Will you merge with any of the other [Kachin] parties?
Because we intend to work for all the state’s people, and not only for one race, it is hard to come together as one single party; even those parties that aim to work [exclusively] for the Kachin ethnicity cannot establish common goals.
With about 20 parties contesting in Kachin State, why should people vote for yours?
We believe that every party tries to work for the development of the public and our country. Each party’s aims are good. But we have to be careful that the public should think about the candidates’ skills more than their parties. What can they [the candidates] do? When the candidates are elected to the parliaments, all have to collaborate. This time I think we will have a coalition government between the USDP and the NLD. No party can win a landslide. But for some states, an ethnic party might win.
Voters should look into the moral decency of the candidates and then second, how capable they are. The moral decency is the priority because without it, our country will collapse. Those who possess these two criteria would serve the people well. Although it is easy to say things, it is hard to do them when you are in the legislative realm. There are many challenges to overcome, I can say in my five years’ experience as a legislator. Therefore, we are choosing candidates who have capacity, not based on quantity.
Are you confident that the state-level electoral commission will administer the polls fairly?
I believe they will act fairly and in accordance with the laws. But we have to monitor their actions closely too, so that we can see whether their actions are right or wrong.
Do you think the election can be held in every constituency of Kachin State, which is currently facing war?
I believe the election for the Union Parliament could be held in each constituency. But in my constituency in 2010, there was no electoral action in N’Jang Yang and Sumprabum [townships]. The current clashes, after the breakdown of the ceasefire in June 2011, are in Momauk, Hpakant and lately in Sumprabum.
My constituency is outside the conflict area, but I am closely watching the situation. Last election, there was no election for state parliament in my constituency. But this year, the constituency has changed a lot in terms of regional development and peace and there is no fighting. I want the current peace negotiators [in Rangoon this week] to talk about the stability of the region so that the election can be held. If the election cannot be held, it is a loss for the public.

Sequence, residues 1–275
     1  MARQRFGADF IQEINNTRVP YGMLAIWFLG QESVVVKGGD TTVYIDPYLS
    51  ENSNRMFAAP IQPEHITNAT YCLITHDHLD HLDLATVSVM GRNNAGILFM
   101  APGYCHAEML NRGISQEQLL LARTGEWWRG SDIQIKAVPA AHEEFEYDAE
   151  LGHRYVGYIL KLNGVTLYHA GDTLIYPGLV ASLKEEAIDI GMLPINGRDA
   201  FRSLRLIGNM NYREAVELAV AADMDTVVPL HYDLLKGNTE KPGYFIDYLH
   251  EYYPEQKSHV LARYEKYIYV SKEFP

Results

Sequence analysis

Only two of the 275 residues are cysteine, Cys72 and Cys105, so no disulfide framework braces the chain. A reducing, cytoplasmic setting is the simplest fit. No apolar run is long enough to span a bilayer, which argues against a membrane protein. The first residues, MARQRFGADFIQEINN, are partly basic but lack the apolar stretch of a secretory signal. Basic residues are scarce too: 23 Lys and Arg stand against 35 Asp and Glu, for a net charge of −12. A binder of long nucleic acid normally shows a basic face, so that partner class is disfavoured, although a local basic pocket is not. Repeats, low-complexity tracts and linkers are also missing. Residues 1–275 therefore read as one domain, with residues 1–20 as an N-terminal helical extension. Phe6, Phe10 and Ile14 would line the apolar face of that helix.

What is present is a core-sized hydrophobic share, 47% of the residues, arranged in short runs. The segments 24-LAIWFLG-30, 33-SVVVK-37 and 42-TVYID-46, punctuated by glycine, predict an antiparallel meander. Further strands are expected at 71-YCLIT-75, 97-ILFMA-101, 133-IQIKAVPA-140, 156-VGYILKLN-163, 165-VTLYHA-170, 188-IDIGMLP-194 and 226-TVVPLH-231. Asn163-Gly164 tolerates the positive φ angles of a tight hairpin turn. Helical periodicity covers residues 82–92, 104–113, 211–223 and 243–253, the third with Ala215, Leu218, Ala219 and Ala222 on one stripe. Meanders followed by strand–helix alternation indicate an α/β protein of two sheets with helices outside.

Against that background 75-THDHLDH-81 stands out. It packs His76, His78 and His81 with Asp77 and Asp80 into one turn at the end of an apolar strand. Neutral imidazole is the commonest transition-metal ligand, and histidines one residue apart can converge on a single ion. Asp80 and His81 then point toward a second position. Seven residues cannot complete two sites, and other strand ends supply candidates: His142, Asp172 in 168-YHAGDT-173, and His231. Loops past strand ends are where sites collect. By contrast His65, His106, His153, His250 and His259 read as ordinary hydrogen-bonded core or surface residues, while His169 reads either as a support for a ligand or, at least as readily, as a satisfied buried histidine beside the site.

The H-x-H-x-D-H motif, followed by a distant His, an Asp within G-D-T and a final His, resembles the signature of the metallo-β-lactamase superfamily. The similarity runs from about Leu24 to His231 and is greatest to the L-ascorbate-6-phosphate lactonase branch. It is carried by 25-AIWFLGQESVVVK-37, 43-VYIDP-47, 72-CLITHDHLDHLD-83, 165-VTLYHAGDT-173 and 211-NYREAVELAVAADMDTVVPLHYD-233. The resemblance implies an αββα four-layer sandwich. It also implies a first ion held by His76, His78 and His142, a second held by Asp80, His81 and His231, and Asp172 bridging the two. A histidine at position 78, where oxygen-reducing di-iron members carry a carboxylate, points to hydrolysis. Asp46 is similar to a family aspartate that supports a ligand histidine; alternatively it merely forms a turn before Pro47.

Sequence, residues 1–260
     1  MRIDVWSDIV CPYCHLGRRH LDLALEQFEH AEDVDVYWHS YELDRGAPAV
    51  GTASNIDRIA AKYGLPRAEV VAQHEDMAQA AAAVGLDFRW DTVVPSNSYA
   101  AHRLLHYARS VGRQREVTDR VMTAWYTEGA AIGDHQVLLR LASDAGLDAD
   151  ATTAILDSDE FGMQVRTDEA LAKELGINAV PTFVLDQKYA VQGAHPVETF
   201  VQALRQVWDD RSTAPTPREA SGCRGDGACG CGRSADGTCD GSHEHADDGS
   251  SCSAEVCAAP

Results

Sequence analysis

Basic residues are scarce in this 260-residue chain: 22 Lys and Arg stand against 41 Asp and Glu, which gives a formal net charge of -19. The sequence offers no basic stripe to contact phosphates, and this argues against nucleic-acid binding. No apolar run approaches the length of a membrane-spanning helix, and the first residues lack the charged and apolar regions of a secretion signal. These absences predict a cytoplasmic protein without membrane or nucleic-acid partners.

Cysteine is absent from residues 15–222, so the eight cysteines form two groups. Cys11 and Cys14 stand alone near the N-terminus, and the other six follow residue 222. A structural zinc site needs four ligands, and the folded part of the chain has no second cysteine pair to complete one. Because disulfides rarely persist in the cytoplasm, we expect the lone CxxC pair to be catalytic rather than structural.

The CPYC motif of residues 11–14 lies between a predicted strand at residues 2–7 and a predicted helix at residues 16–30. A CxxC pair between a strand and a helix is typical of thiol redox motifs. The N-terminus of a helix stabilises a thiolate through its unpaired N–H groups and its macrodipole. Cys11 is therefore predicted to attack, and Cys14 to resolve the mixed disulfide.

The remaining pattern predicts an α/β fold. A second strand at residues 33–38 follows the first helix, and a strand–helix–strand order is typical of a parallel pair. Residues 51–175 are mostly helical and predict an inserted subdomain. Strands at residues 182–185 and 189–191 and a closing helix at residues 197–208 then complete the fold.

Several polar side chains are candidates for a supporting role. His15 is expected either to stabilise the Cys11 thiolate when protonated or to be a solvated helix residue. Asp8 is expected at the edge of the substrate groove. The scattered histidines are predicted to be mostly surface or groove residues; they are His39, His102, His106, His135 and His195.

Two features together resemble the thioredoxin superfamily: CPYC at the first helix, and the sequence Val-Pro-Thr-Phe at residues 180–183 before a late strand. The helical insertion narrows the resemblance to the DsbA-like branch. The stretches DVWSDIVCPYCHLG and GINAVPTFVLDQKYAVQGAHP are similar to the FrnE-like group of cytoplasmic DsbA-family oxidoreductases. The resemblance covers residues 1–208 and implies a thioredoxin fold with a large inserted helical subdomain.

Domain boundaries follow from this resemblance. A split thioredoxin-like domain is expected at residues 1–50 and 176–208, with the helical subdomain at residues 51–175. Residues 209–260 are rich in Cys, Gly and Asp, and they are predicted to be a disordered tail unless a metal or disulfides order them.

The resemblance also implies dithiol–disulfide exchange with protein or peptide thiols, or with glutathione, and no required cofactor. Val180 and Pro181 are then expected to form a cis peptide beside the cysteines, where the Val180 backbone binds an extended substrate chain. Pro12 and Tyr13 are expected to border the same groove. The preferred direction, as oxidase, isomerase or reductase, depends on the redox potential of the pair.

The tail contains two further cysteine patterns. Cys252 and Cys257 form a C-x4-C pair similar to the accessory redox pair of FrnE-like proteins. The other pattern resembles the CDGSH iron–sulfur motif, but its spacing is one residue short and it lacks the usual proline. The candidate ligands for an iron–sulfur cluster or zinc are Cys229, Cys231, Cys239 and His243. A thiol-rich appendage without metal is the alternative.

You have joined peace negotiations in the past. Why are you not included in the current talks?
We were not allowed to participate at first, but after we insisted, we were invited to participate in the talks with the ethnic armed groups and government minister U Aung Min in Myitkyina back in 2013. We were able to bring the state’s issues to the table. We spoke openly and directly about the issues, so the government and the Tatmadaw [Burma Army] did not like us. We spoke frankly, thus we were not invited subsequently.
How long do you think the military will maintain its role in parliamentary politics?
We want to reduce their participation in parliamentary politics, but the current Constitution makes it easy for them to be in the political arena. It is hard to tell when they might leave this arena. I think they will concentrate on defense matters when we have a new commander in chief who thinks the Tatmadaw should work only to protect its country.
How are you handling the criticism about your ties with the ruling USDP, a military-backed party?
We have to thank those people for not spitting on us [laughs]. We faced a lot of criticism because we allied with the USDP [when the party formed in 2010]. Despite that, we have pointed out the wrongdoings of our ally, the ruling party.
The public’s understanding has gradually changed, but some still lack trust in us. Therefore, we feel that our efforts have been delayed and are not progressing as they should be. Because we allied with the government party, we were faced with two thorns—public mistrust and the government’s anger because they [USDP] feel their ally is attacking them. Over these last five years, we have courageously taken on those challenges. Now we even see some parties using it against us in their campaigns. But we keep up our efforts. We are like ‘commandos’; we work for our people, not for the government.